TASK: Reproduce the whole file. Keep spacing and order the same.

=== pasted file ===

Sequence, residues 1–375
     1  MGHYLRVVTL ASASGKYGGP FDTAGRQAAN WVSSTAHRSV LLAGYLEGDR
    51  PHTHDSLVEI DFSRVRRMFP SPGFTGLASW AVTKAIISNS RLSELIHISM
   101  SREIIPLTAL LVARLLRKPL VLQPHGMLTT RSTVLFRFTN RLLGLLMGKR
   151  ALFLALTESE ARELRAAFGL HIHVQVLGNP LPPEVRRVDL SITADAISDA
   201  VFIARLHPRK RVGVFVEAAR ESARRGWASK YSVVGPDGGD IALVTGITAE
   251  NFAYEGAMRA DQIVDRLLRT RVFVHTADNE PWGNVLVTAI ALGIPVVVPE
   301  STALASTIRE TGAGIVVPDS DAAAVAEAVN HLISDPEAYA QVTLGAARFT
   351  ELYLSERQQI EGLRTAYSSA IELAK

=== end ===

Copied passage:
Sequence, residues 1–375
     1  MGHYLRVVTL ASASGKYGGP FDTAGRQAAN WVSSTAHRSV LLAGYLEGDR
    51  PHTHDSLVEI DFSRVRRMFP SPGFTGLASW AVTKAIISNS RLSELIHISM
   101  SREIIPLTAL LVARLLRKPL VLQPHGMLTT RSTVLFRFTN RLLGLLMGKR
   151  ALFLALTESE ARELRAAFGL HIHVQVLGNP LPPEVRRVDL SITADAISDA
   201  VFIARLHPRK RVGVFVEAAR ESARRGWASK YSVVGPDGGD IALVTGITAE
   251  NFAYEGAMRA DQIVDRLLRT RVFVHTADNE PWGNVLVTAI ALGIPVVVPE
   301  STALASTIRE TGAGIVVPDS DAAAVAEAVN HLISDPEAYA QVTLGAARFT
   351  ELYLSERQQI EGLRTAYSSA IELAK